Actually I thought it was always 1! The 0 was a brainfart, I thought browsers would always respond with 1 or more. Turns out Opera and IE think otherwise—good catch. –  bobince Aug 28 '10 at 0:21
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this seems to do the trick:

function goBackOrClose() {  

    window.history.back();
    window.close(); 

    //or if you are not interested in closing the window, do something else here
    //e.g. 
    theBrowserCantGoBack();

}

Call history.back() and then window.close(). If the browser is able to go back in history it won't be able to get to the next statement. If it's not able to go back, it'll close the window.

However, please note that if the page has been reached by typing a url, then firefox wont allow the script to close the window.

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1  
I've found this doesn't work unless I use a setTimeout with a delay of a few hundred milliseconds or so before trying to run the next statement, otherwise it'll run anyway after running history.back() –  Ken Fehling Apr 27 at 2:28
    
I haven't experienced that personally, which browser was it? –  xtrahelp.com May 1 at 17:21
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Although this is an old question, I think this will help people with the same question in the future.

My code let the browser go back one page, and if that fails it loads a fallback url. It also detect hashtags changes.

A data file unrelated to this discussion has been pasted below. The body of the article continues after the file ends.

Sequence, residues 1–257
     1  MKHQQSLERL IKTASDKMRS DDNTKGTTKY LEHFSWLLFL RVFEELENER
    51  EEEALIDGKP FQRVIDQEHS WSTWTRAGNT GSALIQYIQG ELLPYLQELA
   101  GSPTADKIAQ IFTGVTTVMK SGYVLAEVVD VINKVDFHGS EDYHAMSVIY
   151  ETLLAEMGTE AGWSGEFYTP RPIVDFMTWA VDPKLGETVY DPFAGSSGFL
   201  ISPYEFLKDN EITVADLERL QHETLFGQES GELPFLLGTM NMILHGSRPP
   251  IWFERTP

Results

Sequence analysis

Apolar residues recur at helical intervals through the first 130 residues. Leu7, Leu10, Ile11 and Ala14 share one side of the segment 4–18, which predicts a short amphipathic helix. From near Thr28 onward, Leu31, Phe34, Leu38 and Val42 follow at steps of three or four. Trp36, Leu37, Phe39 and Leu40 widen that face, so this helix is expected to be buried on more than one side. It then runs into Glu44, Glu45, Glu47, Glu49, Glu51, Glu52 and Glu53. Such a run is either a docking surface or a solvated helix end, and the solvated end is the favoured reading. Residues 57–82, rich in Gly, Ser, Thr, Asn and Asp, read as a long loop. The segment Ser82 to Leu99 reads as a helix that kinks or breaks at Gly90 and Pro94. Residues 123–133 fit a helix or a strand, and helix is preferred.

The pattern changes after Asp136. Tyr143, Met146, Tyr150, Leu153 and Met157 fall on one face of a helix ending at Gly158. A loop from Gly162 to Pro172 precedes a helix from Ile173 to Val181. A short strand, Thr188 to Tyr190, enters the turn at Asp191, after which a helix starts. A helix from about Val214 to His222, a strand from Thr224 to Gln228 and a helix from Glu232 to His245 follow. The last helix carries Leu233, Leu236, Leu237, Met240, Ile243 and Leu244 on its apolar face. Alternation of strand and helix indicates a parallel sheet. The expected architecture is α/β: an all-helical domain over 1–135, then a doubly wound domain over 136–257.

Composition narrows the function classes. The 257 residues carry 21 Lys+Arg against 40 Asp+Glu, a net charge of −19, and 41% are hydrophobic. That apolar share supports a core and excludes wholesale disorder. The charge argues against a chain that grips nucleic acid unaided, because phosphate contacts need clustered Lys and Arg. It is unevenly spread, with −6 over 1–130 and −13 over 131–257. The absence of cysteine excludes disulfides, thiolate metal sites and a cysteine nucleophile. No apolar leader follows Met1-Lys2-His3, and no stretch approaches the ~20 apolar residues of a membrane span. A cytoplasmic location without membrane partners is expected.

When the back button wasn't available, the fallback url will be loaded after 500 ms, so the browser has time enough to load the previous page. Loading the fallback url right after window.history.go(-1); would cause the browser to use the fallback url, because the js script didn't stop yet.

function historyBackWFallback(fallbackUrl) {
    fallbackUrl = fallbackUrl || '/';
    var prevPage = window.location.href;

    window.history.go(-1);

    setTimeout(function(){ if (window.location.href == prevPage) window.location.href = fallbackUrl; }, 500);
}
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Check if window.history.length is equal to 0.

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4  
depends on the browser –  McAden Aug 27 '10 at 22:08
4  
Not a good way, since history.length does not tell you where you are in the history... –  Ron Reiter Oct 4 '11 at 16:43
    
@Ron Reiter: Yes, I think the top answer and other comments for this question had already established that over a year ago... –  Cristian Sanchez Oct 6 '11 at 16:19
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I'm not sure if this works and it is completely untested, but try this:

<script type="text/javascript">

    function goBack() {
        history.back();
    }

    if (history.length > 0) { //if there is a history...
        document.getElementsByTagName('button')[].onclick="goBack()"; //assign function "goBack()" to all buttons onClick
    } else {
        die();
    }
</script>

And somewhere in HTML:

<button value="Button1"> //These buttons have no action
<button value="Button2">

EDIT:

What you can also do is to research what browsers support the back function (I think they all do) and use the standard JavaScript browser detection object found, and described thoroughly, on this page. Then you can have 2 different pages: one for the "good browsers" compatible with the back button and one for the "bad browsers" telling them to go update their browser

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2  
history.back is a function. You want to check if history.length > 0 then if it is go back with history.back() –  pixl coder Aug 27 '10 at 21:49
    
oh, thanks for the feedback –  Latze Aug 27 '10 at 21:52
3  
Also [] on a NodeList makes no sense, and you can't assign a string to an event handler. –  bobince Aug 27 '10 at 21:57